Similar observations have been made on the chemical composition of hydrolyzed corn stover Zeng et al. Change in chemical composition is reflected in morphology and this was quantified by measuring particle length. Several models have been proposed for describing the effect of pretreatment and EH on the plant cell wall Chapple et al. In this study, we have visualized morphology and quantified key morphological characteristics of pretreated hydrolyzed corn stover biomass. By examining the evolution of this two-population particle size model we were able to monitor the evolution of particle size under different conditions and compare the results.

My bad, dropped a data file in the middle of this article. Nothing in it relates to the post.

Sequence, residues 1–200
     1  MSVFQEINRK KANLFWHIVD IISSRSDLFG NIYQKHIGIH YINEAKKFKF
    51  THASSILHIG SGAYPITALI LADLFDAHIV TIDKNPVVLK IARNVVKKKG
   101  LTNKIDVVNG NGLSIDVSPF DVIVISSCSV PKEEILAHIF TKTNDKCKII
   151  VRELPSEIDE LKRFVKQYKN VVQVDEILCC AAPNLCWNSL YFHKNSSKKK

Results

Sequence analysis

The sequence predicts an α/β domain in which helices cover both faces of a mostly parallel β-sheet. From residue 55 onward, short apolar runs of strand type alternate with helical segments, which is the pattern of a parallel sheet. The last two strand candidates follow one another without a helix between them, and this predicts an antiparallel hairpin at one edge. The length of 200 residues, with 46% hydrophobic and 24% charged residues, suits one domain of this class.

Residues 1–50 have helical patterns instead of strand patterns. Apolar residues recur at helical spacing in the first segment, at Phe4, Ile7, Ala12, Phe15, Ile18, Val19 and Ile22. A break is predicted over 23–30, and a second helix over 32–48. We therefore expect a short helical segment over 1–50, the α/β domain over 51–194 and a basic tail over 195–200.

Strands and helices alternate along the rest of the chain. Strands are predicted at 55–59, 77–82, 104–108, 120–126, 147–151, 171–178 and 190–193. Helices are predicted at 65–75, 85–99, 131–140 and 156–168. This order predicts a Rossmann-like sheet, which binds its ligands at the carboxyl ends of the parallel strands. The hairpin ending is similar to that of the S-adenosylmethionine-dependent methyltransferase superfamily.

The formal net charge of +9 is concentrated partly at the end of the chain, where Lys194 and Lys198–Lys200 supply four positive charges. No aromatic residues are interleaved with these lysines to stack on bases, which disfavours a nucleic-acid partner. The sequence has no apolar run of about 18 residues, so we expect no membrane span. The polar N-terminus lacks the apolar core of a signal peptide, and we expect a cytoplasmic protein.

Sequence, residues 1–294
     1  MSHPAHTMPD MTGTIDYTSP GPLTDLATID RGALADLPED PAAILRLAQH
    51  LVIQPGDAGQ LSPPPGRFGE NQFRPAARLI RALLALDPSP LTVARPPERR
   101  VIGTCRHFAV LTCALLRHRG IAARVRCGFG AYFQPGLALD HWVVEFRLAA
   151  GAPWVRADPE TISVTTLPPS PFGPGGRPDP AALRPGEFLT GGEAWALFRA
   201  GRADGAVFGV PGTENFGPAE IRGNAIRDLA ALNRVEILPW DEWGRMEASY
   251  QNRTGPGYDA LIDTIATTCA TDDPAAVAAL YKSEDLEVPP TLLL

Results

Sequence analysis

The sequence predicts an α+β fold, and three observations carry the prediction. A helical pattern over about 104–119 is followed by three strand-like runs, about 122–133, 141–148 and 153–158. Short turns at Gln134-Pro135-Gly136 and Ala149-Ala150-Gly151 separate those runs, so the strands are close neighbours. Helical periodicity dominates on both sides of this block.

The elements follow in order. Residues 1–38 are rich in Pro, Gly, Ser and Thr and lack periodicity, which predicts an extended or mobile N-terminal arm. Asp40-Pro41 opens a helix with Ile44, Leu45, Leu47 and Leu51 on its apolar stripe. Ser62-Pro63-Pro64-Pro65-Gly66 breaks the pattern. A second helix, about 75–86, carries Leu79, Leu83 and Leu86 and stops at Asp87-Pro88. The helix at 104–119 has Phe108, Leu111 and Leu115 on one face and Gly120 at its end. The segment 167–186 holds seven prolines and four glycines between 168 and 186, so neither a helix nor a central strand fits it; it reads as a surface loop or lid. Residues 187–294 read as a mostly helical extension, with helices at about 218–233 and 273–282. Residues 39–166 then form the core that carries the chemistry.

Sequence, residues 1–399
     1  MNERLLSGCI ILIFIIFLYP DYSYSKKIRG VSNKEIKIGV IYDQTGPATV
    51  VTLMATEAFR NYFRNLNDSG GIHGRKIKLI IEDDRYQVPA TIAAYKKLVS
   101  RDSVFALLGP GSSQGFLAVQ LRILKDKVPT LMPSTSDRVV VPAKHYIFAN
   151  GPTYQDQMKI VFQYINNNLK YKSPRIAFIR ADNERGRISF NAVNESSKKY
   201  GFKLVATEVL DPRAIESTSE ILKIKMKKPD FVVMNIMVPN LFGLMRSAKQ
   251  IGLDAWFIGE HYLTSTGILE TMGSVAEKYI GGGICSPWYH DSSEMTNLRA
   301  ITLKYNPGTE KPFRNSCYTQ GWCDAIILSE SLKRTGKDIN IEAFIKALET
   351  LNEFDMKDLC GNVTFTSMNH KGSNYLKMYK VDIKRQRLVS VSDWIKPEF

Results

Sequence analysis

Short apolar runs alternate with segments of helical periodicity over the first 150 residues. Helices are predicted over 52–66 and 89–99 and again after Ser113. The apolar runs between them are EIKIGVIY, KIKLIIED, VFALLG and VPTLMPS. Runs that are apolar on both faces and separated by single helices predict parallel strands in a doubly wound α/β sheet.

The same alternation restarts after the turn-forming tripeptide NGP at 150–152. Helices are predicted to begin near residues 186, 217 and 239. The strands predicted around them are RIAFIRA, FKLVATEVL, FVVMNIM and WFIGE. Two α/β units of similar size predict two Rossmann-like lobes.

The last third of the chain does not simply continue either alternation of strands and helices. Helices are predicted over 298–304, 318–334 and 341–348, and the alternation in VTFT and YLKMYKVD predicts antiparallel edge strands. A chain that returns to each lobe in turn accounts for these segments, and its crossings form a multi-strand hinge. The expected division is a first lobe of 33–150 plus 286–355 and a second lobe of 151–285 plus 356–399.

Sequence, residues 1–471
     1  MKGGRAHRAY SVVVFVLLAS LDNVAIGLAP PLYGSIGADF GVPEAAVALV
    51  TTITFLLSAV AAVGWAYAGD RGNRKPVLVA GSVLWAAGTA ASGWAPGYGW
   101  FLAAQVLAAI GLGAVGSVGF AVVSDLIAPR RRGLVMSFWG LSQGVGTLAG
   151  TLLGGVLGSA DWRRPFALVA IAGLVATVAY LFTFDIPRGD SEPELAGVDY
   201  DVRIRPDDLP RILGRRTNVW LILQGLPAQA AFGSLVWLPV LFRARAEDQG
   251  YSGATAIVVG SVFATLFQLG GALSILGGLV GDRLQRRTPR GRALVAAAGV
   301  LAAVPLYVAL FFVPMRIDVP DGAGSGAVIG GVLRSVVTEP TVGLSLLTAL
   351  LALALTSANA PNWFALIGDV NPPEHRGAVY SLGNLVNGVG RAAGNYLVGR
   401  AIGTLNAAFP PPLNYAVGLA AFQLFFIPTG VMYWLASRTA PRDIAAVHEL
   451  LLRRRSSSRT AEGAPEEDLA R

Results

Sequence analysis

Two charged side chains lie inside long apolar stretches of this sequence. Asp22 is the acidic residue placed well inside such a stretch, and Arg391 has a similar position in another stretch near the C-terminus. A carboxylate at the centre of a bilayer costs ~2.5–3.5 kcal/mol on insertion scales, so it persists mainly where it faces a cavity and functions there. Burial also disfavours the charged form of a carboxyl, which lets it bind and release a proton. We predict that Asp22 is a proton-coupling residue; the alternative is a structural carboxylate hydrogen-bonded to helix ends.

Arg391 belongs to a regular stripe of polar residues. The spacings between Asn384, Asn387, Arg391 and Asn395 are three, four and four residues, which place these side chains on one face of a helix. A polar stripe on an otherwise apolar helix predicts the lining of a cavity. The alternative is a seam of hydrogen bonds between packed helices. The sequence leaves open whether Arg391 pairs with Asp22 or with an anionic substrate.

Particle length decreased significantly in the first 16 h of EH Based on chemical analysis Supplementary Table 2 glucan decreased Although, as expected, numbers regarding particle length and glucan content do not match exactly, they do indeed show a very similar trend, a big decrease at initial stages of EH and a smaller decrease at later stages, therefore they are related.
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What is different regarding particle length and glucan content is that glucan content decreased more in S3 during EH, compared to S1, while particle length decreased more in S1 compared to S3. Since bigger particles are contained in S1, the mechanical stress of stirring in the EH reactor could be greater compared to the smaller particles in S3, therefore a fraction of the particle length decrease could be attributed to mechanical stress and not to particle degradation due to EH. However, it is difficult to decouple the two processes, as particles during EH are degraded and therefore prone to mechanical damage.